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A Time To Care

I was planning to make my usual predictions for the New Year in this column, but instead I’m going to make only one prediction: I predict that you, my loyal reader, will do something to help the victims of the tsunami, if you haven’t already. How do I know this? Well, for one, you are my favorite reader, it’s about time I told you. You’re not the type of person who lets people suffer without trying to help. You have such a kind heart, you even thought about sending money to Janet Jackson, so she could buy herself a bra that doesn’t rip.

You’re not the type of person who’s clueless about what’s happening in the rest of the world. You even tried to correct the half-drunk college student at your local bar who said, “Tsunami? Isn’t that some kind of Japanese dish? I don’t know about you, but I like my fish cooked.”

You: “No, a tsunami is a very large wave in the ocean caused by …”

Student: “Let me guess. It’s caused by Japanese sumo wrestlers jumping into the ocean without warning anyone.”

You: “Hey, do you have something against the Japanese?”

Student: “Well, they’re the ones who made my alarm clock. It wakes me up every day at noon.”

Even if you can’t always get other people to think straight, you’re the type of person who doesn’t get discouraged, who doesn’t say, “Well, my friends aren’t interested, so why should I organize a bake sale to raise money for the tsunami victims? Why should I wash my neighbors’ cars? Why should I auction off my Pamela Anderson poster, video, T-shirt and life-size blowup doll?”

You’re determined to do your part, because your donation could make a huge difference in the life of one person in Indonesia, Sri Lanka, India, Thailand or another affected country. Your donation could bring a smile to one of those distraught people you’ve seen on TV, the ones who’ve made you realize what misfortune really means – it’s not losing a football game, it’s not getting stuck in traffic on your way to the mall, and it’s certainly not being unable to afford butt-reduction surgery.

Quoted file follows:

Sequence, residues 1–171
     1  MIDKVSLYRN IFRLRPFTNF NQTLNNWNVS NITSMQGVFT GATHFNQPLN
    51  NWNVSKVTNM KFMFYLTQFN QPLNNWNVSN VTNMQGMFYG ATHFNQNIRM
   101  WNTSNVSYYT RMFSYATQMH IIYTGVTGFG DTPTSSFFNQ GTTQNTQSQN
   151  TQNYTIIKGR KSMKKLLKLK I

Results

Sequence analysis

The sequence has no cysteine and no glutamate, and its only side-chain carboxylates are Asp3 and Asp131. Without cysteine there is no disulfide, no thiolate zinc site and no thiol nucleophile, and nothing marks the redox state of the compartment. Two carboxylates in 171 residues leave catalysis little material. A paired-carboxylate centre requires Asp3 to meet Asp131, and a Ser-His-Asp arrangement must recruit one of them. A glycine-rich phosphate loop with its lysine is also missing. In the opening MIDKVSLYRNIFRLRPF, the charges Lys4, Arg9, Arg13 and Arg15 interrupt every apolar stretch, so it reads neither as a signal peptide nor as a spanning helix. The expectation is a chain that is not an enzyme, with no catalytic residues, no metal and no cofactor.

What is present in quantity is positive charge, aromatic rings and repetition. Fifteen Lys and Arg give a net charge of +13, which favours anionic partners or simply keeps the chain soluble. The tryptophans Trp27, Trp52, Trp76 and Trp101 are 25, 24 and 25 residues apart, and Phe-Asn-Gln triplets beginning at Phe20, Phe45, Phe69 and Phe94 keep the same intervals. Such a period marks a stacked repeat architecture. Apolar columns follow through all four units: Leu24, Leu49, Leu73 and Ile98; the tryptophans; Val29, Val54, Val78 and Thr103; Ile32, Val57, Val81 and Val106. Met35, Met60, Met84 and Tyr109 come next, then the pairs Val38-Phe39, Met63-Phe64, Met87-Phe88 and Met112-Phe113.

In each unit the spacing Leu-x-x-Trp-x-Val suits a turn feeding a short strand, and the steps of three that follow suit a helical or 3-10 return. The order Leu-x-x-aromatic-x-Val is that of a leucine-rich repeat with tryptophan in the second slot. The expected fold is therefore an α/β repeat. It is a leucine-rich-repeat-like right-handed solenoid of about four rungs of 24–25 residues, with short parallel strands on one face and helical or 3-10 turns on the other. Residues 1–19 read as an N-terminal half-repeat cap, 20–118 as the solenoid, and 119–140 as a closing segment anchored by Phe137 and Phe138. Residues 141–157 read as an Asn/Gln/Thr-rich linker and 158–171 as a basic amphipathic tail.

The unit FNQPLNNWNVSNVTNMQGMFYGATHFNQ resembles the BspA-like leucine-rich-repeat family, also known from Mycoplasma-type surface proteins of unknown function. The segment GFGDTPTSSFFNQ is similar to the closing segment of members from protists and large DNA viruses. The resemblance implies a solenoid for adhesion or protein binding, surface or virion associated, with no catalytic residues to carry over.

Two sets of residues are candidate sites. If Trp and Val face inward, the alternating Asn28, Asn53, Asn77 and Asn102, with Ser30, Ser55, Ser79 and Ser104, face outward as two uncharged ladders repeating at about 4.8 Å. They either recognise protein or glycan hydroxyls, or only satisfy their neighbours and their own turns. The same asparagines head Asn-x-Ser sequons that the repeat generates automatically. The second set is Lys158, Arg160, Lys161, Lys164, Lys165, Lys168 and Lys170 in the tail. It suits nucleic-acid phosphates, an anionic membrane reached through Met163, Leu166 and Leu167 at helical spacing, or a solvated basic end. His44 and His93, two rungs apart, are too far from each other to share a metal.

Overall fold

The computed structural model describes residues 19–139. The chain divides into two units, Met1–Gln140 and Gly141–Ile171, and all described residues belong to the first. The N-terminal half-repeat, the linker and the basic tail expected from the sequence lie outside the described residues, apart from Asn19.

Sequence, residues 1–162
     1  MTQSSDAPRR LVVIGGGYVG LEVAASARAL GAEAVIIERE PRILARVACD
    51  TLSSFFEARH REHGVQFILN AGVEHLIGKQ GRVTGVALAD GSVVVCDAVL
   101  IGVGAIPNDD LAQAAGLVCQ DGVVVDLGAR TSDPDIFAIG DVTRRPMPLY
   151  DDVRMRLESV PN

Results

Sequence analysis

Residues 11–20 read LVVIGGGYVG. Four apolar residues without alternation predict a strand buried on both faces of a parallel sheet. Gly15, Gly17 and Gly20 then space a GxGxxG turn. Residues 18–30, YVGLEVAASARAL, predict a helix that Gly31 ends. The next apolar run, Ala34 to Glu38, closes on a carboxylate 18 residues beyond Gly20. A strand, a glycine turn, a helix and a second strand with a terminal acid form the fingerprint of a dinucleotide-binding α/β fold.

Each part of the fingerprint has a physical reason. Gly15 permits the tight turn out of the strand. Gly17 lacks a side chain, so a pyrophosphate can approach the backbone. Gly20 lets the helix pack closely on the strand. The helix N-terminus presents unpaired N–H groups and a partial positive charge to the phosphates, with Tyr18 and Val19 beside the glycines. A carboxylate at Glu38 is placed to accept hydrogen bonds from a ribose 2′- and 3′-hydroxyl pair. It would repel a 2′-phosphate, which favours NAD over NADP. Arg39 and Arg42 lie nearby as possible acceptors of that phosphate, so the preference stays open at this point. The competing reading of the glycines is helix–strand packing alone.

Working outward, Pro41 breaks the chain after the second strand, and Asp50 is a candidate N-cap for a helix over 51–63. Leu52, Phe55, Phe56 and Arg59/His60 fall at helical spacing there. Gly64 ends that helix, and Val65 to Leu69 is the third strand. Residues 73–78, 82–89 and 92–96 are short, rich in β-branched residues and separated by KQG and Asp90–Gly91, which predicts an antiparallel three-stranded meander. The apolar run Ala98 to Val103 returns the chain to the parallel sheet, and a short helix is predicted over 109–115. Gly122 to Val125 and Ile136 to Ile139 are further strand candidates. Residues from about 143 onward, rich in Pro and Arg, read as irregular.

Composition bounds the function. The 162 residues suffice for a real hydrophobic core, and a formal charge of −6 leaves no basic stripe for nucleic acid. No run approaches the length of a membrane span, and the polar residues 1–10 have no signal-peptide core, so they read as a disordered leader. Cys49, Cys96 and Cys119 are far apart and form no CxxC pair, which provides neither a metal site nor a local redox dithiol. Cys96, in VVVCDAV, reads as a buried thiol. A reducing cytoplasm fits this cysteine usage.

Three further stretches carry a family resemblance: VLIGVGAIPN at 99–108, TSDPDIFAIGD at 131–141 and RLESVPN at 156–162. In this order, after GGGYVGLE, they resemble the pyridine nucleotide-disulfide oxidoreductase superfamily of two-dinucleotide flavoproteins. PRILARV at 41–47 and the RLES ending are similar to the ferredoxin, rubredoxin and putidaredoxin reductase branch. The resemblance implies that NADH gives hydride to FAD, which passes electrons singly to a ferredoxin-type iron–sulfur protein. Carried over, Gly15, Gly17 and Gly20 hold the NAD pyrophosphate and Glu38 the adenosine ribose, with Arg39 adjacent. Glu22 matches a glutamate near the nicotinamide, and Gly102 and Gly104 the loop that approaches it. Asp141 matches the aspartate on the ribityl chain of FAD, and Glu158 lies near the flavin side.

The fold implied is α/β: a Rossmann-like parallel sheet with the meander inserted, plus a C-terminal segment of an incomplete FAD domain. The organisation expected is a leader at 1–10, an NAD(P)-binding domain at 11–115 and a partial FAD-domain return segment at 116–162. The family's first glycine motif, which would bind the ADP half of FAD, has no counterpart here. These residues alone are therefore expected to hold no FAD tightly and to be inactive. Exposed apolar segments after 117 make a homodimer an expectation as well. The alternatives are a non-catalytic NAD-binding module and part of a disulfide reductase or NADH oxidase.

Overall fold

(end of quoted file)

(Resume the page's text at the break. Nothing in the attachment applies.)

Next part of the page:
You realize that this is a time for everyone to come together for a good cause, even liberals and conservatives. You may be a conservative, but you’re willing to give liberally. You may be a liberal, but you recognize the enormousness of this disaster, even if Fox News Channel keeps giving you “conservative estimates.”

You realize that this is a time when the race, nationality, religion or social class of the victims shouldn’t matter, a time when humans should just care about other humans. A Muslim mother in Indonesia burying her children squeezes your heart as much as a Hindu mother in India does. A Sri Lankan girl who has lost her entire family brings tears to your eyes, makes you want to reach out and hug your television set.
It’s going to take years for them to recover and your money – whatever you can give, even a few dollars – will help them do it. That’s why you’re going to empty your jars of pennies, that’s why you’re going to search your couch for lost change, that’s why you’re going to stop taking regular baths until your co-workers cough up some money.

I’d expect nothing less from my favorite reader.

Melvin Durai is an Indiana-based writer, humorist and occasional stand-up comedian. A native of India, he grew up in Zambia and moved to the US in the early 1980s. Read his previous columns at http://www.melvindurai.com
[ First published: January 1, 2005   Last updated: March 30, 2011 ]

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Faaltu Fatta

The Beggar

Two college students, Akshay and Sunil, are sititng in a taxi in Mumbai when a beggar approaches them asking for spare change. Akshay adamantly rejects the man in disgust. Sunil, on the other hand, whips out his wallet, pulls out a couples of notes and gladly hands them over to the beggar with a smile. The beggar thanks him kindly and then continues to other taxis. Akshay is outraged by his friend's act of generosity. "What on earth did you do that for?" yells Akshay. "You know he's only going to use it on cigarattes and alcohol."
Sunil replies, "And we weren't?"

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